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Cucurbit Genetics Cooperative Report 5:31-32 (article 16) 1982

Some Genotype-Environment Interactions in Cucumis melo L.

Georgette Risser

Station de'Amelioration des Plantes Maraicheres, I.N.R.A., 84140 Avignon-Montfavet, France

In 1979, we reported that cultivars differ when grown in nutrient solution maintained at low temperature, especially when radiation is low. For instance, in an experiment where root temperature was maintained at 12°C, yellowing and partial wilting were observed on 'Persian' small type while 'Vedrantais' remained green and healthy. In other experiments with high root temperature, interaction between genotype, root temperature and radiation were also observed.

Three cultivars were grown in a heated glasshouse in nutrient solution during spring or summer to examine these interactions more closely. The greatest difference between these 2 experimental conditions was light intensity (Table 1): in experiment 2, daily global radiation was more than twice the amount in experiment 1.

Table 1. Climatic characteristics of the experiments to study genotype environment interactions in muskmelon.

Time Period
Daily Air Glasshouse Temperature
Daily Outside Global Radiation MJ/m2
Tested Root Temperature
10 Feb to 9 Mar 1979
18, 22, 16, 30°
19 Jun to 3 Jul 1980
22, 26, 30, 34°

Reactions of plants were quite different in the 2 experiments. During the spring (low light intensity, exp. 1), root temperature had a large effect on dry weight which differed with the cultivar (Fig. 1). When root temperature increased from 18 to 30°C, dry weight of both 'Freeman's Cucumber' and 'Vedrantais' increased. The increase was greater for 'Freeman's'. On the contrary, when root temperature was above 22°C, growth of 'Persian' was not so good: dry weight was less; foliage was dull; and at 30°C plants were in poor condition. During the summer period (high sunlight intensity, exp. 2) no significant differences were observed for cultivars or root temperatures (Fig. 1).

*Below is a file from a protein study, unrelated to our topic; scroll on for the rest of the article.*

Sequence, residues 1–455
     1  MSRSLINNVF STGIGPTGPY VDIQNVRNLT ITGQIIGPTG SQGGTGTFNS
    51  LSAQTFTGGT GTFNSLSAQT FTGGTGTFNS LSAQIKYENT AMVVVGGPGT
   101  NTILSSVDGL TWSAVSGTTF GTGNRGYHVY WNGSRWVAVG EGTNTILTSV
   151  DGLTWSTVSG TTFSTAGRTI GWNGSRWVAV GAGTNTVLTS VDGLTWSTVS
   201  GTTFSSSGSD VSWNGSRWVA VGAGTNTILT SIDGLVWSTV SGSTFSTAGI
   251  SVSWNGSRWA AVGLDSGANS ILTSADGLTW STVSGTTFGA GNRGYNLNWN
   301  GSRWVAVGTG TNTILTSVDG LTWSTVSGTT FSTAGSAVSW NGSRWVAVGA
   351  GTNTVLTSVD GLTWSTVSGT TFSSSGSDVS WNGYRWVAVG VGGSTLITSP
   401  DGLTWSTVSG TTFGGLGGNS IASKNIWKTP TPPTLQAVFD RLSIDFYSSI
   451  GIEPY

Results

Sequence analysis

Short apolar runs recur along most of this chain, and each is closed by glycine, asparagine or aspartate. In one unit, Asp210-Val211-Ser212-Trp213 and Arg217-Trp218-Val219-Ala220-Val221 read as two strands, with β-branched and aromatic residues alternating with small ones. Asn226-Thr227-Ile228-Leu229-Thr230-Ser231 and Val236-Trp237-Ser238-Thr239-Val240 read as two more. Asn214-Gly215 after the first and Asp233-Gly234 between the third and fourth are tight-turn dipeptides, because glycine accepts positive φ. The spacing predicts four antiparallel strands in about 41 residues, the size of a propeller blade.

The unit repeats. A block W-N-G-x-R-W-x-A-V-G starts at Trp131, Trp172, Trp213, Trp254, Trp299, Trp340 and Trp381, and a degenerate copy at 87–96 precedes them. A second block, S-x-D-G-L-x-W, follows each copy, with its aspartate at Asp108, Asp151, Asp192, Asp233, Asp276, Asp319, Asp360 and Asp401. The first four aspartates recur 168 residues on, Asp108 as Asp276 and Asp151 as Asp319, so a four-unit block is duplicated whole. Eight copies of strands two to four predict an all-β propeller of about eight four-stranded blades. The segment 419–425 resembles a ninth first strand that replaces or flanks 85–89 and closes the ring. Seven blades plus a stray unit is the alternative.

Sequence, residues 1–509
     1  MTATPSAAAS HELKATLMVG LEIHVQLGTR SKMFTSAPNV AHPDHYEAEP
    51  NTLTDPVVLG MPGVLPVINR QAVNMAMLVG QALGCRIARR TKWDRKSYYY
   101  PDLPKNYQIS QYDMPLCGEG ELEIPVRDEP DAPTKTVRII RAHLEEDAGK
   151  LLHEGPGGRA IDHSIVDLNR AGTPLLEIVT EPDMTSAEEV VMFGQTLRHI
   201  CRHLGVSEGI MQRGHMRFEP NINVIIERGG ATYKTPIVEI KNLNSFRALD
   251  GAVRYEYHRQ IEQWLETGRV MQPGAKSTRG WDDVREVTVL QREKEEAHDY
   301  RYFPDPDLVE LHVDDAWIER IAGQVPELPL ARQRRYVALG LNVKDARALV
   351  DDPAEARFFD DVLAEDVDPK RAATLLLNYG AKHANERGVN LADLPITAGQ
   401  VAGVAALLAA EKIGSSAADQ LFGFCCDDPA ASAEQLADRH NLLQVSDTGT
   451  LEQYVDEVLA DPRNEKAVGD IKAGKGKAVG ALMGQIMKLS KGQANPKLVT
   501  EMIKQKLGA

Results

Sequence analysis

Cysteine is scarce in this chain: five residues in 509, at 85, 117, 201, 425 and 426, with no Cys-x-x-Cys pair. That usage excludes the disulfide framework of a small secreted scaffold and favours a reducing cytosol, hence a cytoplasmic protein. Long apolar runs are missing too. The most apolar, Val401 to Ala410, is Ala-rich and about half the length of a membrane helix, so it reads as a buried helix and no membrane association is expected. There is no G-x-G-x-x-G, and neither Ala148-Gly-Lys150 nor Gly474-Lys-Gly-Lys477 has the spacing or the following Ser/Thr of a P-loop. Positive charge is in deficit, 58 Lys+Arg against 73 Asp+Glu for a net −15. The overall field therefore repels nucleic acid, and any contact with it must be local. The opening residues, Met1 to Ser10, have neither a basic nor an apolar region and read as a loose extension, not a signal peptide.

When radiation is low, significant variation occurs between cultivars at the lowest and highest root temperature. Screening for root temperature adaptation requires, therefore, control of light intensity.

Literature Cited

  1. Mann, L.K. 1953. Honey bee activity in relation to pollination and fruit set in the cantaloupe (Cucumis melo). Amer. J. Bot. 40:545-553.
  2. Natti, T.A. and J.B. Loy. 1978. role of wound ethylene in fruit set of hand-pollinated muskmelons. J. Amer. Soc. Hort. Sci. 103:834-836.
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